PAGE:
In 2000, Al Gore narrowly lost the Electoral College vote to George W. Bush. The election came down to a recount in Florida, where Bush had won the popular vote by such a small margin that it triggered an automatic recount and a Supreme Court case (Bush v. Gore). In the end, Bush won Florida by 0.009 percent of the votes cast in the state, or 537 votes. Had 600 more pro-Gore voters gone to the polls in Florida that November, there may have been an entirely different president from 2000–2008.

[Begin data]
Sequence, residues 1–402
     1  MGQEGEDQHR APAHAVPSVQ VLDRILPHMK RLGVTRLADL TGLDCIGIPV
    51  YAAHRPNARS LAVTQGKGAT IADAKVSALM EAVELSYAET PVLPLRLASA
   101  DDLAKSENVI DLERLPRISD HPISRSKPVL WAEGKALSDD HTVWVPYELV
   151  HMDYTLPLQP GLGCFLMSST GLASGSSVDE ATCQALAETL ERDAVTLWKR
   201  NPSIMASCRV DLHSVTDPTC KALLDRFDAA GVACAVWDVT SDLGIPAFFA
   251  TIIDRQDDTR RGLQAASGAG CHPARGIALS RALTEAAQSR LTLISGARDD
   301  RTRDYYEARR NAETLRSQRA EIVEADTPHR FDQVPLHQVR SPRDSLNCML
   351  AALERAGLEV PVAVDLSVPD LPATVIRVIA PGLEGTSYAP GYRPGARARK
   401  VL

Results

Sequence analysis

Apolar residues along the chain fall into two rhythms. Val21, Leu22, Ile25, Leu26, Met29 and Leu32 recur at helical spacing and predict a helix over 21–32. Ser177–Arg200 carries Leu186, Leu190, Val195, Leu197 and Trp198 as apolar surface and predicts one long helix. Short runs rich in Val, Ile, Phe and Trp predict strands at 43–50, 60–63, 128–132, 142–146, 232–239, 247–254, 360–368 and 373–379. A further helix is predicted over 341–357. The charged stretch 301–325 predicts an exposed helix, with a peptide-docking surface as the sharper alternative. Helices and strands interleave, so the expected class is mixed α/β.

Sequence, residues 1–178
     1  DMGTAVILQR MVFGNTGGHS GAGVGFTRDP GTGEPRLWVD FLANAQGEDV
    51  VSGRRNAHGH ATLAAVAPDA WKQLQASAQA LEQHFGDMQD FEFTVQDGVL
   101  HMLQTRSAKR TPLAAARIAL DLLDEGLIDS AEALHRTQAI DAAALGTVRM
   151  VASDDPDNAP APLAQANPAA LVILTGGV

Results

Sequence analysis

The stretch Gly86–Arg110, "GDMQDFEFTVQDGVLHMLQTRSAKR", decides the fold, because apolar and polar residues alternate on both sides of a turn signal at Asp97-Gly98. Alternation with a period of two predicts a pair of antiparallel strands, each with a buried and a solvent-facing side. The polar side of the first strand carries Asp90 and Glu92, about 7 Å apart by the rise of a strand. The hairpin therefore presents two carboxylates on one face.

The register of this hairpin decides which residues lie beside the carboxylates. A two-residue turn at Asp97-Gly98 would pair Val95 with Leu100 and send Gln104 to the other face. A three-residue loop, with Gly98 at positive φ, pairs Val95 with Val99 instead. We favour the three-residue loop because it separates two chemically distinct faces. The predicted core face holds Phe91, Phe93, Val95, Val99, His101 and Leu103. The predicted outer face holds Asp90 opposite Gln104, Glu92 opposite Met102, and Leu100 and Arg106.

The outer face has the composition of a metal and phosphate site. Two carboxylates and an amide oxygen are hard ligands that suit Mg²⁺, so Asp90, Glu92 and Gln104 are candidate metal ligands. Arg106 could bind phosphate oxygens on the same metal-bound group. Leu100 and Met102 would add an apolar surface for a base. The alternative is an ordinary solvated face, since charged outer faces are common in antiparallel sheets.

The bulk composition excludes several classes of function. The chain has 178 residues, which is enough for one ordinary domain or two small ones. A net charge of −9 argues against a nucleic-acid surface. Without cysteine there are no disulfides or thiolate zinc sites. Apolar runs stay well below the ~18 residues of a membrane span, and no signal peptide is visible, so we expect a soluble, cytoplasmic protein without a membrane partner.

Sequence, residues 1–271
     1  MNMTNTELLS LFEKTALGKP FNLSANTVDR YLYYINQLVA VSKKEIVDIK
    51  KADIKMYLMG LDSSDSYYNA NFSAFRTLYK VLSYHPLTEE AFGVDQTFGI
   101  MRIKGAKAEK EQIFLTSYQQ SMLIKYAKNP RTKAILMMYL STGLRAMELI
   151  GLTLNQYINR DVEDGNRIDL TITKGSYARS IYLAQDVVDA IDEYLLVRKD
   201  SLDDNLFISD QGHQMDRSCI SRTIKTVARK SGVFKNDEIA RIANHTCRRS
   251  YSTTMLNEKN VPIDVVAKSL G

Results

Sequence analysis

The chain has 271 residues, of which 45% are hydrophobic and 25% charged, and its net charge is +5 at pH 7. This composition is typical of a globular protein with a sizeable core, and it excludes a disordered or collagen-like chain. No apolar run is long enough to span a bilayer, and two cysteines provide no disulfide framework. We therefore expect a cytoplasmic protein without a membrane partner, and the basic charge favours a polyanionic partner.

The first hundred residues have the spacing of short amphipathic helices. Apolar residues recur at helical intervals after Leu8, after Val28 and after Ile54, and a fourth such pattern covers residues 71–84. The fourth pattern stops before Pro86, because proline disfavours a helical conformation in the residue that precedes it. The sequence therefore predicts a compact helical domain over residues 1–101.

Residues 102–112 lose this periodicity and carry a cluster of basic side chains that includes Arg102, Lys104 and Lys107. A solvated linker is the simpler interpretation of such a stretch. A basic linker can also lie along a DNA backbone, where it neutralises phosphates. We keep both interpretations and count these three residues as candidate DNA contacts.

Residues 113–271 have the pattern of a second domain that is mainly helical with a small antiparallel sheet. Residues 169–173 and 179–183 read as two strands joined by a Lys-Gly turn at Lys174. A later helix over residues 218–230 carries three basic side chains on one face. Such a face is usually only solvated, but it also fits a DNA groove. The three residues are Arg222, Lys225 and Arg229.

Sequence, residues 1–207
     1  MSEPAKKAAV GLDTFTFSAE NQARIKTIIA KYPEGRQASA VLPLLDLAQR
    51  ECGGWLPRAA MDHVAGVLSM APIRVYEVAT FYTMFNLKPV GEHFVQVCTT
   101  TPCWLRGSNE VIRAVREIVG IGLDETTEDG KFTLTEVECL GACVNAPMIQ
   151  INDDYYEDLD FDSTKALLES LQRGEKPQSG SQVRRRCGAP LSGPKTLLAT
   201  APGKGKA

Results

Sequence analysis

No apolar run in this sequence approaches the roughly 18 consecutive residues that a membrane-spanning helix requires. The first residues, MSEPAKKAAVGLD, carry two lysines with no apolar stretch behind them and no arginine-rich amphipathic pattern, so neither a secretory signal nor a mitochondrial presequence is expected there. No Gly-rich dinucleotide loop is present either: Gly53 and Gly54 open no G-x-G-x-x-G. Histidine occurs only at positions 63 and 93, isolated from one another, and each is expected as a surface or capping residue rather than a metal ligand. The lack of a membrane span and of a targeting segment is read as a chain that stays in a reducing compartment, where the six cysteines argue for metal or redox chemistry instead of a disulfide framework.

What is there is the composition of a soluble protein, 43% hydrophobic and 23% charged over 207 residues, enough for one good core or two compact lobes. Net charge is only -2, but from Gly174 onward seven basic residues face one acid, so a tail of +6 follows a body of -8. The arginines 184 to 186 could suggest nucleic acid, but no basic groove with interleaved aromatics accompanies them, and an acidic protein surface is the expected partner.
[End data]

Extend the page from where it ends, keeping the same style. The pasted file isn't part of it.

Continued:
More recently, Donald Trump defeated Hillary Clinton in 2016 by securing a close Electoral College win. Although the election did not come down to a handful of votes in one state, Trump’s votes in the Electoral College decided a tight race. Clinton had won the national popular vote by nearly three million votes, but the concentration of Trump voters in key districts in “swing” states like Wisconsin, Pennsylvania, and Michigan helped seal enough electoral votes to win the presidency.
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